"Governments, (...to get us off our addiction to oil) starting at a state level, should use 'feebates' - that is a combination of a fee and a rebate - to broaden the price spread of models with different efficiencies at a given size. So you go to the dealer to buy a vehicle of the size you want and there are more or less efficient models of that size, and [for] the less efficient ones [you] pay a fee. The more efficient ones [offer] a rebate paid for by the fees on the inefficient ones. Fuel taxes are a much weaker way to affect how efficient a car you buy because they are diluted, roughly seven-to-one, by the other costs of owning and running the car, and then they are heavily discounted. So, for a typical buyer, looking at a year or two of fuel savings is about as unimportant as whether to buy floor mats. Fuel taxes encourage you to drive less, but they're a very weak signal to buy an efficient car in the first place."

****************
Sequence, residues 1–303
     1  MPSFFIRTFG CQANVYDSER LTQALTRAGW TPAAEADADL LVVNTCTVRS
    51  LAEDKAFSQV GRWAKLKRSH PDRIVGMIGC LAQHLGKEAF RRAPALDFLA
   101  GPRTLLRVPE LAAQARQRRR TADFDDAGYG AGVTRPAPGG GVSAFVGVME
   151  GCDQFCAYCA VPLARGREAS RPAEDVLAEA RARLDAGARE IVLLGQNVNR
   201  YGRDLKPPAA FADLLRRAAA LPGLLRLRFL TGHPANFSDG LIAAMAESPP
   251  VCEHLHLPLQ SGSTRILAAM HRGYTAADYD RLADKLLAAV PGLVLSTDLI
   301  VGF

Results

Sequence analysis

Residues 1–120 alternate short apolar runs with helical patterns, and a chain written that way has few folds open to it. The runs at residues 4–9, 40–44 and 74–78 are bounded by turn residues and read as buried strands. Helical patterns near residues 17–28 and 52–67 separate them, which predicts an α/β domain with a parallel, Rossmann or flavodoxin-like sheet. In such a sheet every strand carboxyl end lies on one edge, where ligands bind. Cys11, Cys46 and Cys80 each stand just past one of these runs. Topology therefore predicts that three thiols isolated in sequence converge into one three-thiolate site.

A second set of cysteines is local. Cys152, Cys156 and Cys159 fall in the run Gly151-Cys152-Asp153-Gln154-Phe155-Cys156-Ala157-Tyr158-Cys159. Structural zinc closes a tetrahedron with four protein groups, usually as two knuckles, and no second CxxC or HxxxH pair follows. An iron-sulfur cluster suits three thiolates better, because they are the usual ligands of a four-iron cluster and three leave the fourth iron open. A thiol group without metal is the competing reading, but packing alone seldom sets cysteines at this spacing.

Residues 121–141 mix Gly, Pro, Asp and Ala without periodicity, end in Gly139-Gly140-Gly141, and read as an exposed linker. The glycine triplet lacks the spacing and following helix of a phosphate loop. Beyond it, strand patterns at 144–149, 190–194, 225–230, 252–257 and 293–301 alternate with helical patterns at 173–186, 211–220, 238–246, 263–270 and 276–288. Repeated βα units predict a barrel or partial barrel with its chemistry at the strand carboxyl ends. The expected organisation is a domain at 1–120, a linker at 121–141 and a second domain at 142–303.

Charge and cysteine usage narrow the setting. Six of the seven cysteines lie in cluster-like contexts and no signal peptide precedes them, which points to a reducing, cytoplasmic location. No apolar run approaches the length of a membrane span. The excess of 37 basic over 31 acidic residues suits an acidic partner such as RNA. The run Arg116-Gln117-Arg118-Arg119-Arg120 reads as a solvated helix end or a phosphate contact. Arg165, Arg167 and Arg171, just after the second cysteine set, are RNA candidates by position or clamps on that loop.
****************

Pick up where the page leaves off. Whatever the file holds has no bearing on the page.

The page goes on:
- Rocky Mountain Institute founder Amory Lovings, interviewed in Newsweek, Aug 6, 07

So, uh, sportbikes would get efficiency-rebates from the taxes on touring bikes (etc...) ? - Mr. Subjective